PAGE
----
NEWS25 March 2010

FTC considers updating rules protecting children’s online privacy

Government North America

US— The Federal Trade Commission is considering updating rules governing the online collection of children’s personal data in light of the growing popularity of mobile web access among young people.

But mobile is just the beginning – the FTC is also sounding out interested parties on whether interactive TV, gaming and other interactive media raise any implications for the enforcement of the Children’s Online Privacy Protection Act (COPPA), which has been in force since April 2000.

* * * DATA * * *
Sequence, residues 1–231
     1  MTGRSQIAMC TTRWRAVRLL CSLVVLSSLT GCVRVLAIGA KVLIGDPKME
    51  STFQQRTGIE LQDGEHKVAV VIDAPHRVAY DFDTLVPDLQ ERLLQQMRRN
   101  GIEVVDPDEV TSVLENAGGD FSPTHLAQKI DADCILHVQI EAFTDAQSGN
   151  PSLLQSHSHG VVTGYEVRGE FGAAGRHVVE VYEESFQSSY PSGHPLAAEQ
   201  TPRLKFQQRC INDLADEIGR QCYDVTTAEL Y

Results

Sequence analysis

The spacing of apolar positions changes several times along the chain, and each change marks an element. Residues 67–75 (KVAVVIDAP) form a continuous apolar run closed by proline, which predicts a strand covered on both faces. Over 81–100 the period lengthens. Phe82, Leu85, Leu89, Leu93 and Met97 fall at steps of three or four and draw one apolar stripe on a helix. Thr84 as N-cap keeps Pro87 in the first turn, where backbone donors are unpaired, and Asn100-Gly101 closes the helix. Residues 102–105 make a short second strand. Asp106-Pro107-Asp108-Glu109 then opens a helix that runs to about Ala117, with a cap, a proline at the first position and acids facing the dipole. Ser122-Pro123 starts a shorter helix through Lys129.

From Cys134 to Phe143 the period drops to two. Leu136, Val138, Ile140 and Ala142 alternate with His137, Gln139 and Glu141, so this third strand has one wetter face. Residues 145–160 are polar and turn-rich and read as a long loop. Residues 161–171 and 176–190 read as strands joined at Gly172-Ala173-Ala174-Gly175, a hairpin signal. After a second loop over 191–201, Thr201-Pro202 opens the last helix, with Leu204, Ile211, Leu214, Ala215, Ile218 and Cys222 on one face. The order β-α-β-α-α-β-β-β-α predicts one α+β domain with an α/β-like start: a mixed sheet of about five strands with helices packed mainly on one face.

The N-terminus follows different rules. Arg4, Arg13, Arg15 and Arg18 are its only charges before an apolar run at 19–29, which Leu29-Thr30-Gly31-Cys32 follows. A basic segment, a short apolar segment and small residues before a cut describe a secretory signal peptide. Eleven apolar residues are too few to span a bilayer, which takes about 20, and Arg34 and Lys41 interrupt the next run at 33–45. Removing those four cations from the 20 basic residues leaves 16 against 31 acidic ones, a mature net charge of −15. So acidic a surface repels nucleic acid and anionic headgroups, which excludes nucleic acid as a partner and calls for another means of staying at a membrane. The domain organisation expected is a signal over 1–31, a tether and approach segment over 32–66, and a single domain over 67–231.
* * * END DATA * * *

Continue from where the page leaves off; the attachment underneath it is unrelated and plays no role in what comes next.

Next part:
COPPA requires website operators to get parental consent before collecting, using or disclosing personal information from children under the age of 13.

In a notice published in the Federal Register, the FTC asks for opinions on whether the definition of ‘personal information’ needs to be expanded to include the likes of persistent IP addresses and mobile geolocation data.

The FTC also wants to find out whether there are additional technological methods to obtain verifiable parental consent that should be added to the COPPA rule, and whether any of the methods currently included should be removed.

Full details of the review can be found online here. Public comments are invited until 30 June.